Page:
I'm in!! How to prepare w/ < 4 mo. left??

  1. [font="arial black"]hey all.

    i'm hoping to get some help, especially from someone in a frontloaded program. my sciences background is a little weak, not on grades but on how far i went with basic sciences courses. i aced micro, a&p, bio and chem, but these na science courses are very advanced and very intimidating. i'm looking at biochem, biophysics,
    anatomy pharmacology and anatomy w/ cadaver lab. i already have schaums outline of biochemistry and i hope to be able to get a head start on the book list. plus i'm trying to balance my potential academic needs with our financial needs so i'm also planning on working a little extra before school starts to help out with $, but i definitely don't want to struggle too much w/ the academics.:smilecoffeeilovecof so for me that's the main priority!
    any suggestions.
  2. Visit malenurse2001 profile page

    About malenurse2001

    Joined: Jan '04; Posts: 13; Likes: 1


  3. by   baggie02
    I am in the same boat. Got my acceptance to Midwestern this week. I was thinking about re-reading my A&P, Patho, and Pharm texts from my undergrad program. I figure a review of the things I learned, that got me accepted in the first place, will give me a good base for the intense sciences that I will be facing in june. I would definetely like some advice about what types of material will really help me prepare for the program. Anything that will help ease the stress of the oncoming workload.
  4. by   skipaway
    In my opinion, Biochem is the most easily understandable of all the Chemistries. It was pretty easy for me and I was definately not that strong in Chemistry. So, I'd not worry too much about that class. Biophysics is probably where you'll learn alot of your anesthesia gas laws etc... and again may not be too hard. (not saying you don't have to study...)

    I'd concentrate on the extra work to bolster your finances and in your off time (?) read some good books and go on a vacation. Good luck.
  5. by   ***Bonita***
    Just chill out and have fun while you can. I know I will.
  6. by   malenurse2001
    Thanks for the replies everone. Very helpful!!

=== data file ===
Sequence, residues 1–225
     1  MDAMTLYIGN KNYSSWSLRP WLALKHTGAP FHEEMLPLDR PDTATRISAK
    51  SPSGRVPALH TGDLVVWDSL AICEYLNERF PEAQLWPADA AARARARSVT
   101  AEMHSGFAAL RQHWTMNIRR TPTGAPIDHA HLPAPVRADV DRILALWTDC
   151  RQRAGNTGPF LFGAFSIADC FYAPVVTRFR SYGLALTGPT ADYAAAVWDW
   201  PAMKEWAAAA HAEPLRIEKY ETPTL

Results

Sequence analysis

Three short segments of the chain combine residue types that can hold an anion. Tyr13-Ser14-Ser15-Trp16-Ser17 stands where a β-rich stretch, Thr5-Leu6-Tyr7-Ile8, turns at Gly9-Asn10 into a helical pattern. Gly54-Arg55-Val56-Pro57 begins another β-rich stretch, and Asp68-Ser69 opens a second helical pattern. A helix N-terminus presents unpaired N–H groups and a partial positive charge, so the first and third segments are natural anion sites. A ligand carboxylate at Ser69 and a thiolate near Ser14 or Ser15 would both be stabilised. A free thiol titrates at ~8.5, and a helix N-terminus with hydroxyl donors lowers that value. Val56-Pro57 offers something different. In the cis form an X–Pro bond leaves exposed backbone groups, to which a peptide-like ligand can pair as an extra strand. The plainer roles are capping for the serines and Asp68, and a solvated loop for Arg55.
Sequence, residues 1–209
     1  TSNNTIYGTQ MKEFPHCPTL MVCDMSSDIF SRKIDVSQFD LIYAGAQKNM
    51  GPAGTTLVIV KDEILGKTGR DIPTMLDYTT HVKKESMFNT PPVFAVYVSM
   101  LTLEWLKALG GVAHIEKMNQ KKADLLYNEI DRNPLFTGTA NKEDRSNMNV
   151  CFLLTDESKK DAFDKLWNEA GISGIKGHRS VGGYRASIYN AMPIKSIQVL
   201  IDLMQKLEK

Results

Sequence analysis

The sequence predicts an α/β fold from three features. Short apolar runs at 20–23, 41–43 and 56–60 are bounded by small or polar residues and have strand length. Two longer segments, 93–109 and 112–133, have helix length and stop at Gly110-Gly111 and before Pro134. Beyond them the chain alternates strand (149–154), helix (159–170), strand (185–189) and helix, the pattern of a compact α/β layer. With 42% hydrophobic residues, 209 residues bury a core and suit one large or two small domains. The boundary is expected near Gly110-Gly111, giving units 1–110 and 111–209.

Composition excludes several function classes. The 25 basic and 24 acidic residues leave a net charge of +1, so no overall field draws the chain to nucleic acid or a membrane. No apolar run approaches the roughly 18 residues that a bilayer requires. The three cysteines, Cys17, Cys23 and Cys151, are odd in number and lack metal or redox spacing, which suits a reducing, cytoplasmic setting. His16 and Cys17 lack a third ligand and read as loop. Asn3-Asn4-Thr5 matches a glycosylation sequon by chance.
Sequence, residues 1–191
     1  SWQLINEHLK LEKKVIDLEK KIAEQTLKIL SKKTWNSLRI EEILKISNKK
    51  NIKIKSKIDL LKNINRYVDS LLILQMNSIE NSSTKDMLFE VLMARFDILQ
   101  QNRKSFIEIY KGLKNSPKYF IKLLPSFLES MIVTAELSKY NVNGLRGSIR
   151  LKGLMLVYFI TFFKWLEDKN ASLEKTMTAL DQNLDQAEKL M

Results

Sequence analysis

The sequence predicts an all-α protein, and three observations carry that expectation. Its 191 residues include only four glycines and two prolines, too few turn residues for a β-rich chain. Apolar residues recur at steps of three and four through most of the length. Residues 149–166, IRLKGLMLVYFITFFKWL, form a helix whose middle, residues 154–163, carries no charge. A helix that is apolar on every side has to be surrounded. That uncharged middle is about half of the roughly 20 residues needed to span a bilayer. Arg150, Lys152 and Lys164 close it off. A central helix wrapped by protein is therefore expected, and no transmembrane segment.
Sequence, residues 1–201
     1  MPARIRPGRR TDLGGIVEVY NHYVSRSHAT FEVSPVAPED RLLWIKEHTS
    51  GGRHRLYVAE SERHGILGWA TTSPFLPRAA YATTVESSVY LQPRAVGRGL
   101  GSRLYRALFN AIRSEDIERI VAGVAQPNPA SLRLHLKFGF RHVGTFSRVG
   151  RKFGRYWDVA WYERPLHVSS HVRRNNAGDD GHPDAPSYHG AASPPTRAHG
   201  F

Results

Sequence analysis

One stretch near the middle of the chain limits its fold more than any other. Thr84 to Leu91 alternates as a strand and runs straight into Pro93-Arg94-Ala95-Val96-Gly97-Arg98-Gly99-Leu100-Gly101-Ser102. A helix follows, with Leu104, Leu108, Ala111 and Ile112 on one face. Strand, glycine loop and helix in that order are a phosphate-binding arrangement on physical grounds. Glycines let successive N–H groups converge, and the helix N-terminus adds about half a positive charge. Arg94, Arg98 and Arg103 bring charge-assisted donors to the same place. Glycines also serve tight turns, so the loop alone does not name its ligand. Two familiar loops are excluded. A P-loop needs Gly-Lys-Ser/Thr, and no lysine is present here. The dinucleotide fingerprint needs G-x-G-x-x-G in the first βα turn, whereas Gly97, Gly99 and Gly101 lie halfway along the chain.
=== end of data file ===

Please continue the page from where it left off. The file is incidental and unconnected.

7. by   ***Bonita***
    I talk to several people and they said biochem is not as hard as the other chemistries.
  8. by   duewest
    I'm in a front-loaded program. In hindsight, I would have spent my pre-program prep time studying organic chemistry. You will use it extensively in your pharmacology classes.

    That, more than anything would have made my life much easier...

  9. by   malenurse2001
    I talked to the director last week. She said that the anatomy pharmacology I mentioned is actually anesthesia pharmacology and that it's been dropped from the summer quarter. So that's one less class we have to worry about initially I also asked about booklists so that I could possibly study ahead. I anticipated I would not get one, but I did get a little more than I had expected. She was able to give me last year's books with the disclainer that they could change. Here's what she said . . .

    The required text for Anatomy was: Drake, R.L., Vogl,W., Mitchell., Gray's Anatomy for Students, Elsevier, 2005. They also require one of several atlases including Grant's Atlas of Anatomy by Agur, Atlas of Human Anatomy by Netter, Color Atlas of Hyman Anatomy by McMinn, Color Atlas of Numan Anatomy by Rohen, or Anatomy: A Regional Atlas of the Human Body by Clemente. They recommend choosing one that you find most suitable to your individual needs.

    The required textbook for Biochemistry is Lippincotts' Illustrated Review: Biochemistry, Third Edition by Champe, Harvey and Ferrier.

    There is no textbook for Biophysics.

    I've already ordered loads of books about chem, o. chem, biochem, nursing pharm, the icu book and perhaps best of all 'basics of anesthesia'. I started in on the last two and I plan to finish basics of anesthesia since I'm sure it will relate. Biochem reads a little like greek to me right now so I'm hoping to have time to go through chem and o. chem. Maybe the Illustrated Biochem Midwestern required will be an easier read than Schaums outline of biochem.

    I hesitate on pouring over an anatomy textbook. My concern is that the class may not go cover to cover, as many don't. I'm hoping that I've still got a decent understanding of anatomy from my undergrad and I'll only have to fill in the gaps

  10. by   qwiktofeat
    Malenurse2001, I have already completed the didactic portion of my front-loaded program and I have some advice for you...I would know how to draw the 20 amino acids, know the fuctional groups (i.e, OH, COOH.etc.), and learn about pka, acids,bases, and DNA synthesis. I would also become familiar with the terms (polar, non-polar, Ionized, non-ionized, hydrophobic, hydrophilic, and lipohilic). If you are looking for topics to study prior to beginning your program, these are solid topics and you can be assured that you will definitely SEE THEM AGAIN!! I hope this helps you to narrow your focus on biochem pre-program studying.

  11. by   japaho41
    As someone said earlier go on vacation and relax. That is a great suggestion because once you start school say goodbye to life as you once knew it.